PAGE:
Fashion hipsters like Scott deliberately create designs that they know will trigger controversy and outrage, which will create buzz and sell the product. What’s more controversial than a footwear product specifically targeted to Black/Latino men that symbolizes slavery and the prison industrial complex? I mean, really: “Got a sneaker game so hot you lock your kicks to your ankles.” Could that get any more manipulative?

To add insult to injury, these 1980s knockoff sneakers with the cheap plastic prison-orange shackle cost $350.00. I predict that kids of all races will go into debt trying to buy these things. Corporate racism never looked so tacky.

Just in time for Juneteenth, Adidas announces a new shoe design scheduled to hit stores this August. It’s a shoe with a shackle, so you too can experience a bit of the fun of serving on a chain gang.

The caption beneath the image of the shoe reads: “Tighten up your style with JS Roundhouse Mids, dropping in August. Got a sneaker game so hot you lock your kicks to your ankles.” An article on Indiewire.com suggests that the whole shackle and chain thing is potentially racist. I’ll take it one step further and say that the shoe with the prison-orange shackle is absolutely racist. Whether the use of the shackle is due to insensitivity or something more sinister, it’s ignorant and offensive.

The shoe is obviously being marketed to communities of color. And the irony of the timing of the advance marketing could not be more stark.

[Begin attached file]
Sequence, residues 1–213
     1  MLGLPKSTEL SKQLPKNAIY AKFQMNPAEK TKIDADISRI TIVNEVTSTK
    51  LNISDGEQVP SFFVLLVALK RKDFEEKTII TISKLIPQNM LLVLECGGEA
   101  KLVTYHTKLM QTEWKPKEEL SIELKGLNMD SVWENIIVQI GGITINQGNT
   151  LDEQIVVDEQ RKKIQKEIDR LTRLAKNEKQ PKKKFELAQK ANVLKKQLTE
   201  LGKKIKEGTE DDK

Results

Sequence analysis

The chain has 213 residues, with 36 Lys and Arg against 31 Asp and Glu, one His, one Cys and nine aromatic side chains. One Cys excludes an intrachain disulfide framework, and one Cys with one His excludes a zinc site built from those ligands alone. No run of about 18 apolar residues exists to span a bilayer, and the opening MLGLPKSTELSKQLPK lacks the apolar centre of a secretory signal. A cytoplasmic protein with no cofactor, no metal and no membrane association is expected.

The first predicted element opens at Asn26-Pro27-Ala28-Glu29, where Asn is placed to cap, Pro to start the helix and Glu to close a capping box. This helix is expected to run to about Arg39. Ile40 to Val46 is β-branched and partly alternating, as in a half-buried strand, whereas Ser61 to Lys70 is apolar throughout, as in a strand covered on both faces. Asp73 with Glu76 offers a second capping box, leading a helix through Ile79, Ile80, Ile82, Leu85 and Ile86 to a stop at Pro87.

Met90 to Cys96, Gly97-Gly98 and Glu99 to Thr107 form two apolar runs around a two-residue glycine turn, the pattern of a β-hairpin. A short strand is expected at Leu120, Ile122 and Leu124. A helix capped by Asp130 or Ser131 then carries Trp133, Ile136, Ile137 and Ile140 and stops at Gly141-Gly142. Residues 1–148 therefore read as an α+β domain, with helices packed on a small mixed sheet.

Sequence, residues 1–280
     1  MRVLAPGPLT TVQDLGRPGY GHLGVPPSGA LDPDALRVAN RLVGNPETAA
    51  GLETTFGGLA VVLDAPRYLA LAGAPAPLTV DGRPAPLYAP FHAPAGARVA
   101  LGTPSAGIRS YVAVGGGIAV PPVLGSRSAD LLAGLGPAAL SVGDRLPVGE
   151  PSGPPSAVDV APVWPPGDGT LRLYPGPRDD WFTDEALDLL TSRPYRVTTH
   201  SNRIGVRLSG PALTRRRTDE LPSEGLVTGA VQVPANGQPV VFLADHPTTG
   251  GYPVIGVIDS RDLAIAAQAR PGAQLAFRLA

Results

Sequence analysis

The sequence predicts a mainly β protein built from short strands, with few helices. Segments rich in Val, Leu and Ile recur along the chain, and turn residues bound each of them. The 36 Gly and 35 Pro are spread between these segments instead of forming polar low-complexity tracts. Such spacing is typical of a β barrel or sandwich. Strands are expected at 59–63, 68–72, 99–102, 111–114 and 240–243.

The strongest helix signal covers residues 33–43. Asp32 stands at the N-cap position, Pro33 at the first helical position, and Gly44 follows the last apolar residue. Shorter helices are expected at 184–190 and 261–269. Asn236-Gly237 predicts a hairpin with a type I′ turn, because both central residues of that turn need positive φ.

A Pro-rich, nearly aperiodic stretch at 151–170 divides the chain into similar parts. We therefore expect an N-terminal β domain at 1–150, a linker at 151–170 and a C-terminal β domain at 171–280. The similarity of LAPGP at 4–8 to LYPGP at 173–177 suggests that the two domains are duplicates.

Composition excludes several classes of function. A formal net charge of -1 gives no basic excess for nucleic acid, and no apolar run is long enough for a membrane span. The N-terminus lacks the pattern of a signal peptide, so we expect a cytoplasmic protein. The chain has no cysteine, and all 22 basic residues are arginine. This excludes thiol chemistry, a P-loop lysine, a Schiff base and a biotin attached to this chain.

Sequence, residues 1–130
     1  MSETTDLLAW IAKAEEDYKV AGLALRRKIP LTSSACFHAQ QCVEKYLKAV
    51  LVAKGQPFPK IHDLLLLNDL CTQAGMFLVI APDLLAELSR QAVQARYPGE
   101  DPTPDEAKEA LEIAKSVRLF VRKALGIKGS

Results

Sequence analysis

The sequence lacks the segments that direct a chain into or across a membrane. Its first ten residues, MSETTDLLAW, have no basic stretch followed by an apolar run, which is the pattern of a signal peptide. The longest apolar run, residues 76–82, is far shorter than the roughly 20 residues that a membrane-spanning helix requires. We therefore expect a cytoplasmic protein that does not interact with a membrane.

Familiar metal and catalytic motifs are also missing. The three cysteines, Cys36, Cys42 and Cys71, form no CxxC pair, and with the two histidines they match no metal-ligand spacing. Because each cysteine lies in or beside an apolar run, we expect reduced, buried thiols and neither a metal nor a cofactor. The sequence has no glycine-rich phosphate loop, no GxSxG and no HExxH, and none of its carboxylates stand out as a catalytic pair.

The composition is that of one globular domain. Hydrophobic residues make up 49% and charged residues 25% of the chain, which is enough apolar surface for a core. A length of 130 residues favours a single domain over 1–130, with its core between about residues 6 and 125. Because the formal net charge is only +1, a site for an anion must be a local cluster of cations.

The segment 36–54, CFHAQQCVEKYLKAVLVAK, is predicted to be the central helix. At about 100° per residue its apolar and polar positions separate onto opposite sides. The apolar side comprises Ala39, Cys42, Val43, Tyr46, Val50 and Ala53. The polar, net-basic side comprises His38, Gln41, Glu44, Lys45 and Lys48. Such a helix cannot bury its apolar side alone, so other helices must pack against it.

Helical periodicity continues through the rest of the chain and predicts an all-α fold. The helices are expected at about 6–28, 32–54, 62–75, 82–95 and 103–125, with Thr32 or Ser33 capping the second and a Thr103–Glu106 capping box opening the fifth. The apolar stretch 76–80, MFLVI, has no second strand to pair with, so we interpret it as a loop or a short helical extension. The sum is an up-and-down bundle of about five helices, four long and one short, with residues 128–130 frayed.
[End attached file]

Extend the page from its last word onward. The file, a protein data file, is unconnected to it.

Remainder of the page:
Juneteenth (June 19th) is, after all, Emancipation Day, a holiday celebrating the abolition of slavery. But the end of slavery opened a new era of neo-Slavery.

Soon after the end of the war, vagrancy laws were enacted throughout the South that targeted African Americans, especially men, criminalizing minor law violations, including simply being “idle,” as in, not in the employ of a white man. Thousands throughout the South were imprisoned under these laws and consigned to labor camps. Yup, the chain gang is a black thing, as in, a form of forced labor specifically targeting Black people. You can read more about it here.

Prisoners in shackles built much of the public infrastructure necessary to industrialize the South. Prisoners were also leased to corporations, including Northern businesses like U.S. Steel for whom they labored without consideration of their health and safety. The conditions were, in many ways, worse than they had been under slavery because there was little incentive to keep prisoners alive.

And because of fear of the chain gang, the Black population of the South was terrorized into staying under the control of exploitative employers. For every person enslaved as a convict, thousands more were scared away from changing jobs for fear of going unemployed and being accused of vagrancy.

This is the historical context for the new Adidas shoe. It may be unintentional, but it is nonetheless offensive. Until they take this shoe off the market, none of us should shop with them.

I honestly thought this was some kind of hoax, but instead of finding confirmation on snopes.com I found an adidas press release saying they are now withdrawing the shoe. I’m not sure who looks worse: Scott for being so culturally blind or adidas for promoting his ignorance.

This may sound a little off the subject,but I just don’t get understand why people want to put their life savings in tennis shoes. I’m always amazed how long people will stay in line for those things. I often said that if I had to stand in line for some shoes, it better have sold gold and diamonds on them

Far as those shoes? those shoes does give off the wrong vibe. Even it wasn’t..ugh..Im sorry but as I just mentioned, unless it has some valuable jewels on them, I avoid them. I only by certain brand shoes( and I try my best to pay less for them) for sincere orthopedic reasons as I ‘ve always had problem with my feet.